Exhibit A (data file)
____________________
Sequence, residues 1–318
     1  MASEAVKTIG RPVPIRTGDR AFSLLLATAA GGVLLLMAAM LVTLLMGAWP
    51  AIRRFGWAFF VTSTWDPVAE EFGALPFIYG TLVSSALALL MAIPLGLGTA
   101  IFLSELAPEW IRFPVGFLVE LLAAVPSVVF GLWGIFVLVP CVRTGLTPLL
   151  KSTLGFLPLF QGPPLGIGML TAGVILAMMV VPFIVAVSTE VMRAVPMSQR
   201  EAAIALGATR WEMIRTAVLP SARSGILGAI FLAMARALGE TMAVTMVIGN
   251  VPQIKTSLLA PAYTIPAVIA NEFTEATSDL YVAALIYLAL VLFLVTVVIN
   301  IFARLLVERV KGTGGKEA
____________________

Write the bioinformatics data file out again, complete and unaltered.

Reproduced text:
Sequence, residues 1–318
     1  MASEAVKTIG RPVPIRTGDR AFSLLLATAA GGVLLLMAAM LVTLLMGAWP
    51  AIRRFGWAFF VTSTWDPVAE EFGALPFIYG TLVSSALALL MAIPLGLGTA
   101  IFLSELAPEW IRFPVGFLVE LLAAVPSVVF GLWGIFVLVP CVRTGLTPLL
   151  KSTLGFLPLF QGPPLGIGML TAGVILAMMV VPFIVAVSTE VMRAVPMSQR
   201  EAAIALGATR WEMIRTAVLP SARSGILGAI FLAMARALGE TMAVTMVIGN
   251  VPQIKTSLLA PAYTIPAVIA NEFTEATSDL YVAALIYLAL VLFLVTVVIN
   301  IFARLLVERV KGTGGKEA